The emotions that come over me when I think of Martha are a combination of admiration (25%), disbelief (25%), and irritation (50%). Am I less of a woman because I didn’t have a Valentine’s Day Crafternoon? Yes, she called it Crafternoon. I’m always misplacing my sewing machine when it’s time to make my heart-shaped pot-holders. I’ll try harder next year. Truth be told, I don’t even know how to sew or decoupage. I don’t think my lack of craftiness is holding me back in life. At least I can cook. No more kvetching!

Although the admiration I feel for Martha only makes up 25% of my total Martha emotions, let’s focus on admiration. This Martha Stewart Baking Handbook is truly my favorite. I love it, but shhhh, don’t tell Martha. I’m more of a cook than a baker, so when I have a baking question I often turn to this book. She includes lots of helpful information on baking techniques, measurements, bakeware and tools. She has included what seems to be, every basic baking recipe I’ll ever need – with photos! If you want to add one comprehensive baking book to your cookbook library, I would buy this one.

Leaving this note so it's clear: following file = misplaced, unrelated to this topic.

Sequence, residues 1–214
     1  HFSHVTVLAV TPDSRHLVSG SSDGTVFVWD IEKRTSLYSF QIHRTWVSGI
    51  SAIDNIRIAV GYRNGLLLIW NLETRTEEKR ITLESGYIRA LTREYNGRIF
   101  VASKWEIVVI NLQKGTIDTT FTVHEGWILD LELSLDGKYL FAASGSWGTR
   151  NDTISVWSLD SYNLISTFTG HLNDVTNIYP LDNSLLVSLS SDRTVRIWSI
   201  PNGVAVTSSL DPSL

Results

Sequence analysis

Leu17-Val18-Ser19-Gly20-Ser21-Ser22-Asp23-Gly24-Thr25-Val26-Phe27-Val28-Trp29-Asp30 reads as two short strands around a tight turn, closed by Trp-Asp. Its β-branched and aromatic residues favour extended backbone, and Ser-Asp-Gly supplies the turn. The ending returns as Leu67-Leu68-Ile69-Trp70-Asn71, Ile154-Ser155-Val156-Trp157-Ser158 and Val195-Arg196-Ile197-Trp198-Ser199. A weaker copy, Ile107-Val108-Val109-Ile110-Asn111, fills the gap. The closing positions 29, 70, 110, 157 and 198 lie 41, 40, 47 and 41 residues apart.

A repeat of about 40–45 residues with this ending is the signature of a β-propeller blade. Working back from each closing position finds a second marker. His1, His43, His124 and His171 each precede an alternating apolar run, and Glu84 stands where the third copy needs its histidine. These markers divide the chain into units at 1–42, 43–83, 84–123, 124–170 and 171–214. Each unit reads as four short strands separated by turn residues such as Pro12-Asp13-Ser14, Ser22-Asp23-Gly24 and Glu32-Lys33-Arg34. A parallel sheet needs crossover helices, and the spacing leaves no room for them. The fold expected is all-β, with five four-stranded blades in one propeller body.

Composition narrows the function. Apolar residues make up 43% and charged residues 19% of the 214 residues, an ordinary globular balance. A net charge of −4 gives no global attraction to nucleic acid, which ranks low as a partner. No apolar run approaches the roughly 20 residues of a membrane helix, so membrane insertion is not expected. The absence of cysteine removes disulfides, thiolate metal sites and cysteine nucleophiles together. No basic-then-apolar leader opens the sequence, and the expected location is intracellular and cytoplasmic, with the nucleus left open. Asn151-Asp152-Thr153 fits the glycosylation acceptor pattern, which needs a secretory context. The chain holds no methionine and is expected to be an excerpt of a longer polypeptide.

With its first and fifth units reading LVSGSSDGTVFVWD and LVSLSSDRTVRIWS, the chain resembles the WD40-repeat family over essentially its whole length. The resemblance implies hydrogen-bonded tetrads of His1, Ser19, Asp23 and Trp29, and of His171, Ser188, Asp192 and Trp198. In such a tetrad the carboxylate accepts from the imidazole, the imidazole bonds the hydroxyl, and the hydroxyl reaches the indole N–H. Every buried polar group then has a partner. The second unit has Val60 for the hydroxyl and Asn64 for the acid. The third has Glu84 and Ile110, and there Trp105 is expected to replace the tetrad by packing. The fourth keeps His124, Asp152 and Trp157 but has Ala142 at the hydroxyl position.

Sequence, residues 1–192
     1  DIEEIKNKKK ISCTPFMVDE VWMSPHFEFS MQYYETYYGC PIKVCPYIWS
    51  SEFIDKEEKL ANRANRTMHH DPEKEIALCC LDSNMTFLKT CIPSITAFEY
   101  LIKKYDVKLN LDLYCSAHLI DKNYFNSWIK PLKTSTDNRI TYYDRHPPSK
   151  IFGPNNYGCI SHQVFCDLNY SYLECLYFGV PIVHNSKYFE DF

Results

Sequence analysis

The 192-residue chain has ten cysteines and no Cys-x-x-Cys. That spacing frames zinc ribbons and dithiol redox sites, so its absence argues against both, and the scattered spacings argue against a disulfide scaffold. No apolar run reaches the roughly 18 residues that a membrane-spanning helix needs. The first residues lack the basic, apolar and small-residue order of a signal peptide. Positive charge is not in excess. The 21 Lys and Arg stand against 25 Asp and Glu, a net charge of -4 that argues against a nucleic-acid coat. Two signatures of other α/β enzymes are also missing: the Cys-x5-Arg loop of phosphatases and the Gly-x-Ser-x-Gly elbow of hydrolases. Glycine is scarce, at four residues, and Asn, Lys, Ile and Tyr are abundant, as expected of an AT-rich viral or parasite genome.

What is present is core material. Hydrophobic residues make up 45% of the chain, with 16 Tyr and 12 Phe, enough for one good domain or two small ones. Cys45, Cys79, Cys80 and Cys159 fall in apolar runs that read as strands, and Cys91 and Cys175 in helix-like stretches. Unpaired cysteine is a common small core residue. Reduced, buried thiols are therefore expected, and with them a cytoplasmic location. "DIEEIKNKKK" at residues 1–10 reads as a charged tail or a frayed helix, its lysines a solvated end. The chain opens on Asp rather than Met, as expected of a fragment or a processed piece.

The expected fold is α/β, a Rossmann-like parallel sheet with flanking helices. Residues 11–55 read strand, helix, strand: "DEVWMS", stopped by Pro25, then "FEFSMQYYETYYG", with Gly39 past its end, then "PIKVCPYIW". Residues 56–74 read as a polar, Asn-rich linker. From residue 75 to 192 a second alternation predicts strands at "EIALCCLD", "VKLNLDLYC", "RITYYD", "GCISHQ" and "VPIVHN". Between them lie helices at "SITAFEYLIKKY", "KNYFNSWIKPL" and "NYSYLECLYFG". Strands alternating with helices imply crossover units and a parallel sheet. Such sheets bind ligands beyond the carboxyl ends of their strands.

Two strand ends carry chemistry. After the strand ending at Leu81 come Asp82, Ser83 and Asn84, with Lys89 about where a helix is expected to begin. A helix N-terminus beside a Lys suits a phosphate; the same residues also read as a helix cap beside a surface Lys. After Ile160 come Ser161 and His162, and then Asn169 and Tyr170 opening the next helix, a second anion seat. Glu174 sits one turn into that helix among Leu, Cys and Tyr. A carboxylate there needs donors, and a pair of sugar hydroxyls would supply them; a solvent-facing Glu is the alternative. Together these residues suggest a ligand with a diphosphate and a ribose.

When a special occasion rolls around, I can always count on my fabulous aunt to send a new cookbook my way. Until this moment, I don’t know if she knew how much I’m looking forward to receiving my next book. She gifted me this Martha Stewart book, and my whole family thanks her when I make Martha’s black and white cookies. They’re the cookies that eat like a cake. I know my New York/New Jersey followers know these cookies well. With St. Patrick’s Day around the corner, I’ve made her Irish Soda bread. I’m really the only one in the house who likes it… alas, I end up eating the whole thing. I can attest that it’s simple to make and delicious. If you love Irish Soda bread and live close to me, please come over and help me eat this, I’m getting full.